Chef Edward Pinello at the Eataly fish counter. (©Brian Babineau)
If you like eating Italian—and who doesn’t—Eataly will rock your world. This shrine to cucina Italiana, which opened at the Prudential Center last year, is part supermarket, part restaurant, part culinary school and part spectacle. Eataly distills the vast panoply of Italian food culture into 45,000 square feet of shopping, eating and drinking. It’s a food emporium on steroids. Italian businessman Oscar Farinetti opened the first Eataly in 2007 in Turin, Italy. The company quickly expanded to 33 locations worldwide, including Denmark, Turkey, Japan and Brazil, with more on the way.
Boston is the fourth Eataly in the U.S., joining New York (with two stores), and Chicago. The American locations are co-owned by PBS cooking personality Lidia Bastianich, her son Joe, and celebrity restaurateur Mario Batali. “There’s an old Italian saying ‘una città a misura d’uomo’ which means ‘a city the right size for man,’” said Lidia Bastianich. “Everything (in Boston) is accessible. It’s a food town. With all the students, there’s a café culture. Of all the cities where we’ve opened, Boston is the closest that you get to an Italian city.”
The Eataly experience tends to blow first-timers away. There are multiple counters to order food to take home, or consume at one of the small tables sprinkled around the front and rear of the store. There’s a coffee and breakfast pastry station and a counter for sandwiches (try the homemade potato chips). There’s a salad bar and stations selling prepared foods: rotisserie chicken and roast meats; focaccia and pizza slices; gelato and pastries.
Three restaurants occupy the center of the space: La Piazza for casual noshing, wine and shared plates; La Pizza & La Pasta; and Il Pesce, a seafood restaurant where the menu was put together by Boston superstar chef Barbara Lynch. All of the restaurants are first-come, first-served with no reservations. A fourth restaurant, Terra, featuring a room specializing in barrel-aged draft beers, occupies the third floor and has a wood-burning Italian grill as its centerpiece. And then there are the shops situated around the perimeter that recreate the experience of small-town shopping in Italy. There’s a bakery selling sourdough breads, ranging from semolina baguettes to rustic country loaves studded with orange peel, chocolate chips or olives.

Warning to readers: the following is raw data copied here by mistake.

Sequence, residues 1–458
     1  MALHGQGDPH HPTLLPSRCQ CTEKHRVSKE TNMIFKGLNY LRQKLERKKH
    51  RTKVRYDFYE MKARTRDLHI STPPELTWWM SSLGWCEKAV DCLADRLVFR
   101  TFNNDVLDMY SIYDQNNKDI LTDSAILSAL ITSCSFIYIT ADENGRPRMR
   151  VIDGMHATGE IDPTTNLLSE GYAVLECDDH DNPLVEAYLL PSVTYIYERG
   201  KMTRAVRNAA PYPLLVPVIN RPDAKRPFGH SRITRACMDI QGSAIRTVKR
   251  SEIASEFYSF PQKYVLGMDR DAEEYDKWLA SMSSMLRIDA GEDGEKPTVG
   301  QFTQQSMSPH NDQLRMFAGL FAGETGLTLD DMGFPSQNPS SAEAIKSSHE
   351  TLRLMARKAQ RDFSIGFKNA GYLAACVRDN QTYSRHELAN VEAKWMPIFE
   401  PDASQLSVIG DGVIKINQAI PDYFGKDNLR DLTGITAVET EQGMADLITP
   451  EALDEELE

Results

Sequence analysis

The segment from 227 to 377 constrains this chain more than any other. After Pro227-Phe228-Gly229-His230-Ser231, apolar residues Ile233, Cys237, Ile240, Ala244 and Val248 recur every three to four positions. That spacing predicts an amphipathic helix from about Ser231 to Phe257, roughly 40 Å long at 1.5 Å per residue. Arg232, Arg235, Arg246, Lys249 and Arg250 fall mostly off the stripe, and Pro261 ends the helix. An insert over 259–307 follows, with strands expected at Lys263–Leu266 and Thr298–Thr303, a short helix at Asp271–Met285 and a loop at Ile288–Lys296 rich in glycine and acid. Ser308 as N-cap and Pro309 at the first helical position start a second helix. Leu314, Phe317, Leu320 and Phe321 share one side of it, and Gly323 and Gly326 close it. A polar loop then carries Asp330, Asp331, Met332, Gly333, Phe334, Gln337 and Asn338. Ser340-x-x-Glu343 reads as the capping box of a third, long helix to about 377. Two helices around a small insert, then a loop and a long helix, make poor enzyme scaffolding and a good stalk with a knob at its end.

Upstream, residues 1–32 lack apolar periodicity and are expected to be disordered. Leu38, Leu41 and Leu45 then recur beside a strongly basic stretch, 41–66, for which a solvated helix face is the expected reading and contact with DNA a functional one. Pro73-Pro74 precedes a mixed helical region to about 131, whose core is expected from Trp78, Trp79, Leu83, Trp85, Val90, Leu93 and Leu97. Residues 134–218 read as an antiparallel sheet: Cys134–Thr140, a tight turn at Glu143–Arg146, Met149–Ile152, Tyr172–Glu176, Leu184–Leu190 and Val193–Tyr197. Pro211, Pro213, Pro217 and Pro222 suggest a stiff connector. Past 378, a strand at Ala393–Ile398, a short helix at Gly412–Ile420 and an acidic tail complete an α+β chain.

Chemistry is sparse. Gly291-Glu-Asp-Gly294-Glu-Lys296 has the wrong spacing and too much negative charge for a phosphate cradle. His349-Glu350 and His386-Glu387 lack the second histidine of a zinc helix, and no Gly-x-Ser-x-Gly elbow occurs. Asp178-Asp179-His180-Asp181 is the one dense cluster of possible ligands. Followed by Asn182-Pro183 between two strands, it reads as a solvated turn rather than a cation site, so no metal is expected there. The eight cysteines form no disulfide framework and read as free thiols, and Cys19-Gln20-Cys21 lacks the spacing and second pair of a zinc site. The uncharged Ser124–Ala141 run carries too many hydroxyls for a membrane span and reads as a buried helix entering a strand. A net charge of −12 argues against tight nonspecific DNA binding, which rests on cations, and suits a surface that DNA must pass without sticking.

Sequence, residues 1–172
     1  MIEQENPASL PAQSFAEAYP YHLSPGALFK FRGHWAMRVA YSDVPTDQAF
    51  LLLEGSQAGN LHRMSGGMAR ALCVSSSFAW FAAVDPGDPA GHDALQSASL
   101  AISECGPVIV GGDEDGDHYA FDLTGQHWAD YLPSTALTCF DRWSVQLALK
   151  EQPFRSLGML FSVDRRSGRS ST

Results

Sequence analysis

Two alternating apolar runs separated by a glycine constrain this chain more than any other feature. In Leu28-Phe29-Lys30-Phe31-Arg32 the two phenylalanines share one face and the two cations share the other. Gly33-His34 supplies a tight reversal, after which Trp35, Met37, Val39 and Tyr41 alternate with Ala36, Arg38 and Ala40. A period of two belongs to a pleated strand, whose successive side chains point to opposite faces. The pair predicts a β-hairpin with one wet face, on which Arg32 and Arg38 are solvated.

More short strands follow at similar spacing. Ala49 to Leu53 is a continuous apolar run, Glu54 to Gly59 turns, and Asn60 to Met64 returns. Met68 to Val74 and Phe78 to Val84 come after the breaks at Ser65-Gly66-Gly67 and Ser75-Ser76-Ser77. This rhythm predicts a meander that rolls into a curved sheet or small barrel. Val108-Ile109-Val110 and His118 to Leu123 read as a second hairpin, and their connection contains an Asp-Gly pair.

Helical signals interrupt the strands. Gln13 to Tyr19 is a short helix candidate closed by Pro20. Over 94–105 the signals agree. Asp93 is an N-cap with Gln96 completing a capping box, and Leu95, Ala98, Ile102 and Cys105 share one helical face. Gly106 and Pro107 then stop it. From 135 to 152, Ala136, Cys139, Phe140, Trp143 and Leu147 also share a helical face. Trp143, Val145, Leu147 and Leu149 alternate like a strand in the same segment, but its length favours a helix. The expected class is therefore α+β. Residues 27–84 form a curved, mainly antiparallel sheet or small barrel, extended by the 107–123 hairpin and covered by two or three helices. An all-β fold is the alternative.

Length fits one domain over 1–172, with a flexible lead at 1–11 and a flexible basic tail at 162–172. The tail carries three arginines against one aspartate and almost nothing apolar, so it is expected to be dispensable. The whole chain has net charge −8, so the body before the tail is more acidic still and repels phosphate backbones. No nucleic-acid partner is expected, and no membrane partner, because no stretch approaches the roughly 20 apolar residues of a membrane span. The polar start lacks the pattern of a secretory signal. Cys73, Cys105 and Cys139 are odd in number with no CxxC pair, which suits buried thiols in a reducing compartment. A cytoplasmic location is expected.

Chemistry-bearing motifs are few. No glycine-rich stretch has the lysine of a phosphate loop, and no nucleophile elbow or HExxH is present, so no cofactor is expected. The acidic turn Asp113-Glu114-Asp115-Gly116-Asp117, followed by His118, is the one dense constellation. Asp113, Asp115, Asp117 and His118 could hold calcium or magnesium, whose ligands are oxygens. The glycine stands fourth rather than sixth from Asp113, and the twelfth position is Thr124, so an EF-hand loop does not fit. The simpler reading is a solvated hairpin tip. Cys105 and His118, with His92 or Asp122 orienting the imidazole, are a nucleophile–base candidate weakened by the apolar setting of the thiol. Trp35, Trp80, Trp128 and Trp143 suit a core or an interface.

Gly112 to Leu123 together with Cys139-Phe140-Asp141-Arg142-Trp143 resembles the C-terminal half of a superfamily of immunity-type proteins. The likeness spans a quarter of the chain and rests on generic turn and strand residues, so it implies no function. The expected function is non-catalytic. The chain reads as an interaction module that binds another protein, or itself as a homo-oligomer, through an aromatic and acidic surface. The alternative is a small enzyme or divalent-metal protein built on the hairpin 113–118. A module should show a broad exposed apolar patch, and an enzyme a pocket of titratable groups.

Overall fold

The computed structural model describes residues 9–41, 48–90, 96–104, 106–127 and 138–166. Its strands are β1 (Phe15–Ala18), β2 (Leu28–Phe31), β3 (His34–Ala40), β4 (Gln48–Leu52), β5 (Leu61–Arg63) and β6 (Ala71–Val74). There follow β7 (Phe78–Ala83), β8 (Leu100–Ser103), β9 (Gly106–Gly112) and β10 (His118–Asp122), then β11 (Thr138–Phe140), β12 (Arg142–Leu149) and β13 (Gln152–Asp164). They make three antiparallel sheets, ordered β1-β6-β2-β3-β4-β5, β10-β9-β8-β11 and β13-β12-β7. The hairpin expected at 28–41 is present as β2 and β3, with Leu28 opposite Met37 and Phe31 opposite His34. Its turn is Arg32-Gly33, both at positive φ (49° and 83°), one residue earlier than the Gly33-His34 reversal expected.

Eataly’s fishmonger is one of the best in the city—boasting varieties like mackerel, monkfish, skate, octopus, and wild squid, in addition to the usual cod, salmon and shellfish. They also sell baccala and bottarga (salted fish roe). All fish, meats and vegetables are locally sourced whenever possible. The cheese and salumi department has one of the most extensive selections of domestic and imported cheeses and cold cuts in town. Plus, they make their own mozzarella. The pasta shop sells ravioli, tagliatelle, and maccheroni, made before your eyes.
Then there’s the massive section of imported Italian groceries, many of which aren’t easily found outside Italy. If you have questions, ask one of Eataly’s amiable employees, many of whom have encyclopedic knowledge of Italian foodstuffs. “We want to make sure that what you’re making reflects the authentic, Italian, old-world version of what it’s supposed to be,” said assistant grocery manager Jay Kraft, who can explain the flavor profiles of Sardinian olive oils and the merits of San Marzano tomatoes.
Need ideas on how to cook what you’ve just purchased? At the rear left of the store, there’s a glassed-in, demonstration kitchen, which offers multiple classes each week (from gnocchi-making to the wines and cheeses of Tuscany). And at the rear right (in front of the large wine department with more than 1,000 labels), there are cookbooks, imported tableware, and kitchen equipment, all for sale.
What will be the effect of Eataly on the North End, Boston’s iconic Italian-American neighborhood? Longtime North End restaurateur Donato Frattaroli isn’t worried. “The North End is an entity unto its own,” he said. “I think Eataly is great for the city, but, at the end of the day, I really don’t think it impacts the North End.”
So now the Back Bay has its very own North End.